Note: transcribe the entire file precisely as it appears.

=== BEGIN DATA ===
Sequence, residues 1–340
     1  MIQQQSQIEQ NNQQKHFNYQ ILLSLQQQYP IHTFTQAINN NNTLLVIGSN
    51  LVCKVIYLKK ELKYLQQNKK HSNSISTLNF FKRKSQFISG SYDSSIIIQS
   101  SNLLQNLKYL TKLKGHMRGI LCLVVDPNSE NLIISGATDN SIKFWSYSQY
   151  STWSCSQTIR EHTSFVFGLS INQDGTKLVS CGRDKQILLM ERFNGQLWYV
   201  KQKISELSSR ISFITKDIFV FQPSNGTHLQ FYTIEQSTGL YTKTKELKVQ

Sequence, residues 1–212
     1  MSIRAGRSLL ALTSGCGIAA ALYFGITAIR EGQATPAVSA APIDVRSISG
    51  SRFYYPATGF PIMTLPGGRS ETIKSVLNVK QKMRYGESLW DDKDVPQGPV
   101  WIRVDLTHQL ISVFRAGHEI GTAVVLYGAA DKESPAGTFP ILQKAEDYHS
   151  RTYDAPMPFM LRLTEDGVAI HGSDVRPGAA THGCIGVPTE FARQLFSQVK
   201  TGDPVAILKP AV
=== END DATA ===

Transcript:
Sequence, residues 1–340
     1  MIQQQSQIEQ NNQQKHFNYQ ILLSLQQQYP IHTFTQAINN NNTLLVIGSN
    51  LVCKVIYLKK ELKYLQQNKK HSNSISTLNF FKRKSQFISG SYDSSIIIQS
   101  SNLLQNLKYL TKLKGHMRGI LCLVVDPNSE NLIISGATDN SIKFWSYSQY
   151  STWSCSQTIR EHTSFVFGLS INQDGTKLVS CGRDKQILLM ERFNGQLWYV
   201  KQKISELSSR ISFITKDIFV FQPSNGTHLQ FYTIEQSTGL YTKTKELKVQ

Sequence, residues 1–212
     1  MSIRAGRSLL ALTSGCGIAA ALYFGITAIR EGQATPAVSA APIDVRSISG
    51  SRFYYPATGF PIMTLPGGRS ETIKSVLNVK QKMRYGESLW DDKDVPQGPV
   101  WIRVDLTHQL ISVFRAGHEI GTAVVLYGAA DKESPAGTFP ILQKAEDYHS
   151  RTYDAPMPFM LRLTEDGVAI HGSDVRPGAA THGCIGVPTE FARQLFSQVK
   201  TGDPVAILKP AV